[LINK] Linux poised for desktop failure: Gartner
Sat Nov 16 09:04:03 EST 2002
On Sat, 16 Nov 2002 16:02:32 +1100, you wrote:
>it's both short-sighted and insane. the time to fix a problem like that
>is before it becomes a problem, not during/after a round of upgrades.
If a major application breaks during an upgrade to a new o/s version,
then the upgrade to those users halts until the application is
updated. To date we have not had any major problems even with apps
originally written in VB3 for Windows 3.1
>> Many apps have lived through Windows 3.1, Windows NT, Windows 2000 and
>> XP without breaking. Why deliberately break them by moving to a new
>> o/s platform?
>many apps haven't survived that transition. more die with each OS
Very few haven't survived. Windows 3.1 to NT had the most impact and
that was very little. Very few problems going from NT to 2000/XP.
Certainly nothing that would make the business clamour to change our
>> We pay little Microsoft "tax". Our PCs come with an OEM copy of the
>> o/s (yes, the cost of the o/s is bundled in, but this is hidden in the
>> leasing cost) and we haven't upgraded Office for some years. We could
>> move to OpenOffice or StarOffice without having to change our o/s
>as soon as you switch to XP (if you do) or other software with MS's
>latest license agreement, you'll be paying regular license fees just to
>keep on using what you've already bought.
XP comes with our new PCs so no extra license fees for the o/s. As PCs
are currently on a 3 year lease cycle all PCs will have XP licenses in
about 2 years time.
As for MS applications you don't have to pay regular license fees to
keep on using what you've already bought. If we decided to buy Office
XP today we could keep using it forever without paying a single cent
>they're happy with having to reboot all the time?
But they don't have to reboot all the time. As a general rule our
users are happy with the current platform.
>and happy with being
>vulnerable to every virus that comes along?
We run virus scanning on our firewall, our servers and on our PCs.
Users are rarely affected by viruses.
>> > - to have options open up that are currently closed to them.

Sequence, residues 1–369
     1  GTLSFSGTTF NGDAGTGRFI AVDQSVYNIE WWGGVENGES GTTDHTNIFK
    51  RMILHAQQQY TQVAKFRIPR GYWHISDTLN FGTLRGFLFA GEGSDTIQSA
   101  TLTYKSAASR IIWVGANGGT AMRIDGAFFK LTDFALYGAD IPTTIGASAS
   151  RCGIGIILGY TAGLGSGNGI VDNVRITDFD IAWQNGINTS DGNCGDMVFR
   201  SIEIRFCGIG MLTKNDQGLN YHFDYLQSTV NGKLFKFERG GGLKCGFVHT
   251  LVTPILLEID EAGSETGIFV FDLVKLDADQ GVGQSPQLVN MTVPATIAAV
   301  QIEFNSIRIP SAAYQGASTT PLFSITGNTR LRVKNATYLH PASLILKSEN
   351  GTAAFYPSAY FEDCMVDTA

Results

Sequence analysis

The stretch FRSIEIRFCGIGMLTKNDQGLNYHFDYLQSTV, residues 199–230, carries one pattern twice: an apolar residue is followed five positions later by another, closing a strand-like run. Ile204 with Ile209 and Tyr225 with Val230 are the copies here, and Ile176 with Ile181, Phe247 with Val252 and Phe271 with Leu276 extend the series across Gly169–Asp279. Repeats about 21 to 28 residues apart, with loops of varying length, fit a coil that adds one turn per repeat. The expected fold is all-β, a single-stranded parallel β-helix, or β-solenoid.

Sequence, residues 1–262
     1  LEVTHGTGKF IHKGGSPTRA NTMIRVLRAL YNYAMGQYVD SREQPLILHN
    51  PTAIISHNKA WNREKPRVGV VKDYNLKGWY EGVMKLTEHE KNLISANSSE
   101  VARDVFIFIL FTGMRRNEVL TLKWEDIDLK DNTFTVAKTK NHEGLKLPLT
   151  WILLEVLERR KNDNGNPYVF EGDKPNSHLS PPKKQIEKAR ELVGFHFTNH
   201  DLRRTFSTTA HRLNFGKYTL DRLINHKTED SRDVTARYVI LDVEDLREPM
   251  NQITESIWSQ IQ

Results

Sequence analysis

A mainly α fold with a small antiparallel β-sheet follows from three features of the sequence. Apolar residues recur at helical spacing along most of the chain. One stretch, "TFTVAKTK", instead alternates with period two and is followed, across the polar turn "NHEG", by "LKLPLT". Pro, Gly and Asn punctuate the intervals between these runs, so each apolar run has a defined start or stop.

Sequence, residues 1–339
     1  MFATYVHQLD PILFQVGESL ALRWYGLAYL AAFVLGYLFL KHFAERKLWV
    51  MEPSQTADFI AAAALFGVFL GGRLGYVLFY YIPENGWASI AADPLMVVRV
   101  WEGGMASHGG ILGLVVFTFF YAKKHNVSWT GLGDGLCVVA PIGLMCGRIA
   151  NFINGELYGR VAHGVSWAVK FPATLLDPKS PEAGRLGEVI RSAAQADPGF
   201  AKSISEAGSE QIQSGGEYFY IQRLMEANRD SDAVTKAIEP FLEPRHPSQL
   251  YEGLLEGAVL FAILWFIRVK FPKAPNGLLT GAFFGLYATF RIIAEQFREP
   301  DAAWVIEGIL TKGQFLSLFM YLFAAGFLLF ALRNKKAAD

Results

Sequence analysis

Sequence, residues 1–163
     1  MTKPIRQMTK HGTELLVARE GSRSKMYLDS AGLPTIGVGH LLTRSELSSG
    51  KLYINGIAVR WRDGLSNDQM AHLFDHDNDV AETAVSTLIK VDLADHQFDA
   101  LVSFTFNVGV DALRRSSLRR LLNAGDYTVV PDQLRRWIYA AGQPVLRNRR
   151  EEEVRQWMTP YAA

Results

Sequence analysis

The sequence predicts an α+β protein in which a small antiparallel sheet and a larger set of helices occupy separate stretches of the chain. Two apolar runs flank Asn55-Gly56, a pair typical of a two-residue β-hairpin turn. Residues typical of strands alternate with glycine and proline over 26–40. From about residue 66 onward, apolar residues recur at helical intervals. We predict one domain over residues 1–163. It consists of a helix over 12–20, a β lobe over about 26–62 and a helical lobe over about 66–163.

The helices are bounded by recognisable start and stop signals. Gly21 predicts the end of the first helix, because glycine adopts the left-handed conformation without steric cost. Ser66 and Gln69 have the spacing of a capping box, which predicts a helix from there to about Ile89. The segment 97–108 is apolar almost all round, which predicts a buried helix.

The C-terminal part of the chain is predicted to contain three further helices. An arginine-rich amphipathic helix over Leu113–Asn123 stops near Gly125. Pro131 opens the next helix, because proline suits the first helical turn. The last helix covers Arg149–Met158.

>> Like what?
>like not having your data trapped in proprietary file formats.
While our data may be "trapped" in Office formats, as just about 95%
of the rest of the world, including all our customers, can handle
these formats, then it isn't seen as a problem.
>mobile computing and the ability to login at any workstation and have
>what you need right there.
Our users already mobile compute and can login at any PC and do their
work with our current setup.
>at some time, you will want to upgrade to a future version of windows.
>... the trouble is that
>this new OS is incompatible with VB 3, so all your old apps will break.
They haven't broken due to an o/s upgrade yet so it is unlikely that
the next version of Windows will break them. However users know that
changing the o/s will definitely break their apps and see no reason to
take that option.
>> You need more than a will to convert, you need a quantifiable business
>> benefit to convert, one that is realised in the very short term and
>> with no significant impact on the business during the conversion.
>there are business benefits, you just don't want to see them.
No, it is our users that don't see them. They are the ones who have to
fund any conversion.
>i do object, however, to your generic claim that linux desktop
>software isn't capable of replacing windows.
I didn't make the claim the Linux can't replace Windows on the PC. But
I doubt that the cost/benefit works out in its favour for an
established company with many custom business applications.
> it is perfectly capable of
>linux is even capable (with e.g. Crossover Office) of
>running most or all current windows office applications, you're just not
Why on earth would anyone want to run Office under an emulator? If you
did make the switch to a Linux o/s surely you would also switch to a
native Linux office app, such as OO.org/StarOffice.
>> I would love to see some case studies of large corporates with 10,000
>> PCs or more that have recently converted over to Linux.
>you can find many relevant case studies just by googling for them. for
>includes a 5000 user case study.
A "virtual" case study only and as the author says "the article wasn't
I am still looking for real life case studies of large Australian or
overseas companies, that have converted their PCs from Windows to
Linux. Must have 10,000 or more PCs and a wide selection of custom
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